2. Conduct pre-emptive social customer care. Using social media for social care is not just about responding to comments. Use social media as a way to let customers know about potential problems before they arise. For example, my insurance company, PURE Insurance, sends out notices and warnings about storms, flooding and other issues I should be aware of as a homeowner. Caravella says, “Engaging in preemptive social customer care will ensure your customers see you as a thoughtful, caring partner instead of a faceless brand.”
3. Find brand-adjacent conversations and join them. There are many conversations happening on social media channels that don’t mention your brand by name, but tie into your industry. Look for opportunities to interact with followers who might not mention you directly but would welcome your input and benefit from your being part of their conversation. (That’s why they call it social!)
4. Look for requests that aren’t actual “@” mentions. It’s easy to monitor when someone mentions you by name or includes your Facebook or Twitter @handle, but sometimes people misspell the company name or use a hashtag instead of the official handle. Be sure your monitoring system picks up on those as well.
5. Answer with video. A personalized response with a video is powerful. There are plenty of programs, such as BombBomb, Eyejot and others, that make it easy to send a personal email to a customer. Check out this example from Joybird Furniture. The service reps recorded a quick six-second video to wish a customer a Happy New Year.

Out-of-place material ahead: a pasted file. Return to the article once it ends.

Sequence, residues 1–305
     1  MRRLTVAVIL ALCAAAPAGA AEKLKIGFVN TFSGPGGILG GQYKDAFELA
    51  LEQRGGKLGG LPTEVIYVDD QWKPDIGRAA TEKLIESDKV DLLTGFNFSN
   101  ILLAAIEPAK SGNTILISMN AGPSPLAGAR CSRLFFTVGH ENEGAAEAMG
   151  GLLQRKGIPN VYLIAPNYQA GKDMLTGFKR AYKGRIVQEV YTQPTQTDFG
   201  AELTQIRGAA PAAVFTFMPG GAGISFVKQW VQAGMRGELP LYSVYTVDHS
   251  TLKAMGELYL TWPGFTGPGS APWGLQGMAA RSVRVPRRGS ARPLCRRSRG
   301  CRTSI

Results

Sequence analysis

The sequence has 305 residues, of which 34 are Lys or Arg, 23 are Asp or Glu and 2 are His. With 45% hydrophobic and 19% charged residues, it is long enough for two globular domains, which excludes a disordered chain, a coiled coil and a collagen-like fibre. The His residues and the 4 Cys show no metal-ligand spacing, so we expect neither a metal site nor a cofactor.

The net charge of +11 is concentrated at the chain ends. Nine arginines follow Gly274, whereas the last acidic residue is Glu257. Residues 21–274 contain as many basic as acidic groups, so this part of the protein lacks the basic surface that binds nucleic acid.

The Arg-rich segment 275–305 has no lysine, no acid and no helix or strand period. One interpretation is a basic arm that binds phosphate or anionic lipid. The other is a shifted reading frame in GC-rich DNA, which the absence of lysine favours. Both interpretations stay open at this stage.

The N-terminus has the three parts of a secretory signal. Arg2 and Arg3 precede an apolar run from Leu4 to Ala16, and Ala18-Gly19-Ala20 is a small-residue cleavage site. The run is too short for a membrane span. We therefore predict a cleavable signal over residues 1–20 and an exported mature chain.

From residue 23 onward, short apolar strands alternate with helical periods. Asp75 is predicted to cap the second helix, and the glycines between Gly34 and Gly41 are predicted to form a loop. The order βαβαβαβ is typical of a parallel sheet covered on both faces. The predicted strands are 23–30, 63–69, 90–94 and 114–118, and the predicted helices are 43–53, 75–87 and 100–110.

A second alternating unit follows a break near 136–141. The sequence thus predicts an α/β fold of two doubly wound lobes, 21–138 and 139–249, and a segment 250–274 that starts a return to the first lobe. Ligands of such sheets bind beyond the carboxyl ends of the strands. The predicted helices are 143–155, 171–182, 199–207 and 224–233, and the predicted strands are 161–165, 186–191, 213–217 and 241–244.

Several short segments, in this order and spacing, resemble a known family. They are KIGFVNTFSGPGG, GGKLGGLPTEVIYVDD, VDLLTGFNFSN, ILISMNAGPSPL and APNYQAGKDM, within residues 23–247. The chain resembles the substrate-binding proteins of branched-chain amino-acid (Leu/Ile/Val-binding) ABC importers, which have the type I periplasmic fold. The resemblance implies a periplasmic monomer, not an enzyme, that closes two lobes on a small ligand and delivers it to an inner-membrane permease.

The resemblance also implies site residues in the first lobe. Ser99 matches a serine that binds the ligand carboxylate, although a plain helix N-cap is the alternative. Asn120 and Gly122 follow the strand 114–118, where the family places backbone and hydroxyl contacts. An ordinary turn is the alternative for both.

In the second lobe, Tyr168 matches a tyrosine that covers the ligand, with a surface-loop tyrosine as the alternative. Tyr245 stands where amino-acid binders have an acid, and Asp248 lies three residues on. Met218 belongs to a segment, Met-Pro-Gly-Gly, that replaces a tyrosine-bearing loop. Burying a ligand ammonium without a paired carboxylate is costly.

6. Outline an expected wait time, and update it continually. Customers’ value their time, so if you are going to make them wait, let them know how long the wait will be. The best companies respond in minutes. That said, Sprout Social reports that the average brand response time is 10 hours. Ten hours! Are you kidding? If I wanted my question answered in 10 hours, I would have waited 10 hours to ask the question! That said, most people are willing to wait for four hours. Unfortunately, 89 percent of social messages from customers go ignored. And one-third of people who are ignored are willing to take their business to a competitor.